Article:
ATLANTA -- From gatherings at historically black colleges to the podiums of civil rights conventions, Republican National Committee Chairman Ken Mehlman has criticized and apologized for his party's poor history with black voters.
He has said he would address issues important to blacks -- home and business ownership, education, wealth building -- and declared Republicans will not engage in racially divisive politics. He also promised to persevere until "African-Americans come back home to the party of Lincoln."
"And we are not going to stop," Mr. Mehlman says. "This is not something where we are going to get results right away. We will maintain a consistent, stable effort from now on."
He has done it within shouting distance of his counterpart -- Democratic National Committee Chairman Howard Dean.
At the 30th annual National Association of Black Journalists convention last week, Mr. Mehlman characterized the Democratic Party as "being the biggest beneficiaries of racial polarization."
"The most racially divisive ad run in the 2000 campaign was ... an ad that associated George W. Bush with two people who murdered a black man in Texas ... they should stop it, too," Mr. Mehlman said.
Mr. Mehlman dueled with Mr. Dean at three other minority conferences this summer including the National Urban League, the National Council of La Raza and the National Association of Latino Elected Officials.
Mr. Dean said the competition has been a wake-up call.
"It is good to have this debate, and we needed to have this debate, because I think it's true that African Americans were disgruntled with the Democratic Party because they felt we were ignoring them," Mr. Dean said. "And one great way to make sure we don't is to have [Republicans] come in and do this."
One of the key issues Mr. Mehlman has raised at every turn is that seven black Republican candidates are running in statewide, city and county elections next year. Mr. Mehlman has told state RNC directors to actively recruit blacks to switch parties and run for office.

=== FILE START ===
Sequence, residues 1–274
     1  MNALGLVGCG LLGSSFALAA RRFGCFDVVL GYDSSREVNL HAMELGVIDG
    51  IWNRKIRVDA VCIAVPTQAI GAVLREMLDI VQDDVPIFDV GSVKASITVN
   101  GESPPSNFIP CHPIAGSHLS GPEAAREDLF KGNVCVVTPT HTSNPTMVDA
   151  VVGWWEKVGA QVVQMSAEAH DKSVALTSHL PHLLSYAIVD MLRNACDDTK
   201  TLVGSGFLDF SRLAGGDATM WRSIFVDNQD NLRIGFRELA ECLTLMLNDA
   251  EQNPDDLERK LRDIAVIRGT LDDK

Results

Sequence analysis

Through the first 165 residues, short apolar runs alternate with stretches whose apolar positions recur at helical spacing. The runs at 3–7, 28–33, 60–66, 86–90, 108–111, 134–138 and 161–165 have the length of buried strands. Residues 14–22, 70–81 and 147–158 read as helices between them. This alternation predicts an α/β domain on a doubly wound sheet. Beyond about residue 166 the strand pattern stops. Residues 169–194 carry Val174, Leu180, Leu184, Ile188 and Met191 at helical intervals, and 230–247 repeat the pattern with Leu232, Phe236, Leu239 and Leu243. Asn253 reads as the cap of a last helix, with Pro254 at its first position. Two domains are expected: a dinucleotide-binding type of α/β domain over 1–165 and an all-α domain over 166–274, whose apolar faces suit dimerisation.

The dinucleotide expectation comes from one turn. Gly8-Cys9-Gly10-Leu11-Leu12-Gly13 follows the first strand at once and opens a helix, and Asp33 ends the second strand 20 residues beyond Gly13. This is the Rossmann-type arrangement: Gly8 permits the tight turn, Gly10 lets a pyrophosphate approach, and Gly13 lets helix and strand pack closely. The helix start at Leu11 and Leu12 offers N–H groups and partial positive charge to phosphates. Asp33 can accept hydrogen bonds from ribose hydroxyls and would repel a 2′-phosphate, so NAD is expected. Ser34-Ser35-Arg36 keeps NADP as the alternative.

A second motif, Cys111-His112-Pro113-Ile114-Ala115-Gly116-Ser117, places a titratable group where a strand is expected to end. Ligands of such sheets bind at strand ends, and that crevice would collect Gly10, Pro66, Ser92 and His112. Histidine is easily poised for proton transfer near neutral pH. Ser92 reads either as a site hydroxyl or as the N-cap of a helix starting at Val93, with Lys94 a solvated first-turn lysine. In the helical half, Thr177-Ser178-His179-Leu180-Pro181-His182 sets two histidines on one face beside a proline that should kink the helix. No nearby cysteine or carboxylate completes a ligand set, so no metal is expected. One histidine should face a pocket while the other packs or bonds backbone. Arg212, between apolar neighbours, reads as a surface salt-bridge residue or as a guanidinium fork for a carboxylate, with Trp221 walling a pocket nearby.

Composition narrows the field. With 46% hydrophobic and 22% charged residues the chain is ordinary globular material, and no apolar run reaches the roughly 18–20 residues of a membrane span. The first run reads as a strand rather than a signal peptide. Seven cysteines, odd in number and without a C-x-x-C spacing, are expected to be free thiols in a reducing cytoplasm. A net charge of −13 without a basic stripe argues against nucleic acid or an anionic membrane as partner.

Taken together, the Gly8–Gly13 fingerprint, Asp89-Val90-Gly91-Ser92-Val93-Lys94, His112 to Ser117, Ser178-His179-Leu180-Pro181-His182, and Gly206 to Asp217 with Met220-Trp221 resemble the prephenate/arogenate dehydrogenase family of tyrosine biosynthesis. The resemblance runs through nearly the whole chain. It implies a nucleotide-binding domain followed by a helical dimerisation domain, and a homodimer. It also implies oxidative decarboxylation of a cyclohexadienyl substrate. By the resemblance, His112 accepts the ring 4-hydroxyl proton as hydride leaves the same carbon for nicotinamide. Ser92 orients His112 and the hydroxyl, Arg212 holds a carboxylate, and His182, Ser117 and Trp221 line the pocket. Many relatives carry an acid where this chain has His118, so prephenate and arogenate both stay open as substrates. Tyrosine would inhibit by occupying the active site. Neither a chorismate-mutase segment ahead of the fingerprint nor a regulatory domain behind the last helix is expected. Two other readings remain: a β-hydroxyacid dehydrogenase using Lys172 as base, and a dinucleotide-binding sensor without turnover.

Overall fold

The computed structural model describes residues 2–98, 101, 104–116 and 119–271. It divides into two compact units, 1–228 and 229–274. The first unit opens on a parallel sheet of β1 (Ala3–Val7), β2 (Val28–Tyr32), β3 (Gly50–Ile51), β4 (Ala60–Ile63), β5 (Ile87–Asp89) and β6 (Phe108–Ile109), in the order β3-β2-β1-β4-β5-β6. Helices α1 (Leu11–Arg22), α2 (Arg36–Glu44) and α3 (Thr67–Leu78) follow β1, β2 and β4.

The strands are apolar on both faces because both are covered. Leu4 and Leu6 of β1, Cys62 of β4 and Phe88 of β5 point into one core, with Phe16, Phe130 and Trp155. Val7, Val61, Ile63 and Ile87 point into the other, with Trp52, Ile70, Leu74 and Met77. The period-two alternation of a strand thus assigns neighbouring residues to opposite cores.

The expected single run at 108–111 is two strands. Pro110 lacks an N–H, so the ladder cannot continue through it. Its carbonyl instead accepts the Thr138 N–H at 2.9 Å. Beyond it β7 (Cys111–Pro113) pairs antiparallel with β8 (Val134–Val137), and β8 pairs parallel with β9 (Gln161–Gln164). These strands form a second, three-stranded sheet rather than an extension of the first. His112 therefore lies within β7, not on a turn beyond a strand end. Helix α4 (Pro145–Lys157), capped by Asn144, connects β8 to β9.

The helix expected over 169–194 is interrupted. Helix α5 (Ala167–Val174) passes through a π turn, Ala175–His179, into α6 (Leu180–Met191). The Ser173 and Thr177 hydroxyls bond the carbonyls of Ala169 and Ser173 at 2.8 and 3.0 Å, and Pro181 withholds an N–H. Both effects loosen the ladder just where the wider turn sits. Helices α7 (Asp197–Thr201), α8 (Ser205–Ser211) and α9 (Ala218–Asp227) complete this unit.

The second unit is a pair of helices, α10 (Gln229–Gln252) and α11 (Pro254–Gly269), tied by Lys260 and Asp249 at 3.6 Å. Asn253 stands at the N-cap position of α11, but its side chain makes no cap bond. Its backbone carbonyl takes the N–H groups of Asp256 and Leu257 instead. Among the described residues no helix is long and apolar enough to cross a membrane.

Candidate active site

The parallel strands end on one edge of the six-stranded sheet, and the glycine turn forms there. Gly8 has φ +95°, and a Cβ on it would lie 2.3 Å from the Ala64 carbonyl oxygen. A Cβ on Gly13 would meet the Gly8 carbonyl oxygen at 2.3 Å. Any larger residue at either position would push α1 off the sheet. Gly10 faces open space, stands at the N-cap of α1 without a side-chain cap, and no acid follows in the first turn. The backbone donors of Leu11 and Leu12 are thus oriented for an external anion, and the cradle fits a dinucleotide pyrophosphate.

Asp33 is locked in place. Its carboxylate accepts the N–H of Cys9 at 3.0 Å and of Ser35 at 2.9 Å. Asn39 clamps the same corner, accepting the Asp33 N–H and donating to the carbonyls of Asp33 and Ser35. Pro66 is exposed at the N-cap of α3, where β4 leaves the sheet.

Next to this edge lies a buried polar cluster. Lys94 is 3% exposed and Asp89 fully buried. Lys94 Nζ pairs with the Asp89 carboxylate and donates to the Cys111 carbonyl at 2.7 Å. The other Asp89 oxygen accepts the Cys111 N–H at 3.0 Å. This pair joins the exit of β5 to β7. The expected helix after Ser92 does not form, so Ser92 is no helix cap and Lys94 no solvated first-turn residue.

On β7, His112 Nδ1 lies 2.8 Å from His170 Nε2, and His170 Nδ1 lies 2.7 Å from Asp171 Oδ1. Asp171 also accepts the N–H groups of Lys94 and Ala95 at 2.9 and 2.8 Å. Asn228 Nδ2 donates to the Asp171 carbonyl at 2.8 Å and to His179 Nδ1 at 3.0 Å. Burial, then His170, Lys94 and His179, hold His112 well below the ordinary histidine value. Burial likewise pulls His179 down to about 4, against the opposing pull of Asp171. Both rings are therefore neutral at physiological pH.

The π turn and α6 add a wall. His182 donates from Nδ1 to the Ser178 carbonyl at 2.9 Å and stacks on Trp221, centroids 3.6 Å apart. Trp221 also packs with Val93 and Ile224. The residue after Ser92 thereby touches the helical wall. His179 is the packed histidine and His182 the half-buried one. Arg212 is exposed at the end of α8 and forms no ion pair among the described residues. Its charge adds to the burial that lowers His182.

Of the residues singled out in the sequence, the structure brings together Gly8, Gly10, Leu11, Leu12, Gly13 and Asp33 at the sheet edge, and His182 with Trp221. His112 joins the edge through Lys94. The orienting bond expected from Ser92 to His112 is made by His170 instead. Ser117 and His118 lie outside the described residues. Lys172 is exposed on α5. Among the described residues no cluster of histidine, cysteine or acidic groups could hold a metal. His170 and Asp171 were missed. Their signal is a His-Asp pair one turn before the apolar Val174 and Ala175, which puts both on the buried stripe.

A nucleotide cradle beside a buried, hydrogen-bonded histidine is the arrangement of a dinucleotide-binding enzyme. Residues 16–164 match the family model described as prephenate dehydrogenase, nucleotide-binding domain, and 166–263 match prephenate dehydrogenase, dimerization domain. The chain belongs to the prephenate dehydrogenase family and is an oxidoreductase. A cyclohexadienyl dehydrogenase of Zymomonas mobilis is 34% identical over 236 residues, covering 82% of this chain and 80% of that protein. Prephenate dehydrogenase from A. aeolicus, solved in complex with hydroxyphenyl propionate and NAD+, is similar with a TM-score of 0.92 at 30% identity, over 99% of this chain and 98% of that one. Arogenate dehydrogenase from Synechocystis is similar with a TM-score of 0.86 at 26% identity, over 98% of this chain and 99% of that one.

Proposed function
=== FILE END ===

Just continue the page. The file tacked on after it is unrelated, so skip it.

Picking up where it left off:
Mr. Mehlman said he does not foresee major dividends in the short term, but a key black Democrat said it could pay off sooner than he thinks.
"Democrats can not sit by idly while the GOP cherry-picks in the African American community," said Donna Brazile, president of Brazile and Associates and chairwoman of the DNC Voting Rights Institute. "Unless the Democrats respond with its own initiatives, Ken and the GOP may reap a new harvest of traditional Democratic voters in 2006 and beyond."
Mr. Mehlman recently apologized at the NAACP convention for his party's successful use of the "Southern strategy" of targeting white voters uneasy with blacks' progress. That strategy was devised in 1964 when Barry Goldwater, who voted against the 1964 Civil Rights Act, ran for president, and was continued under President Nixon. The Republican resurgence followed.
Black leaders said the apology was a step.
"Mehlman made an important move by showing up and apologizing," said Julian Bond, chairman of the National Association for the Advancement of Colored People, "but it is about more than apologies, it is about policy."
Mr. Dean questioned the apology, saying the "'Southern strategy' lives today" because Republicans are still trying to divide voters.
Miss Brazile and Mr. Bond said the president himself should be more of a presence and Republicans must find a way to show their conservative policies actually help black voters.
"It's about public policy and the GOP's major conservative initiatives -- tax cuts, tort reform and other public policies -- have not benefited blacks, who continue to have unemployment rates twice that of whites and others," Miss Brazile said.
"So, Ken is opening a door, but the key to gaining entry is results. The record is still open, and Bush can spend the next three years making sure blacks see the 'welcome' sign on the door."
Mr. Bond said despite black voters' natural tendency toward conservatism on issues such as family, abortion and homosexual "marriage," Democrats still have a trump card in their commitment to civil rights.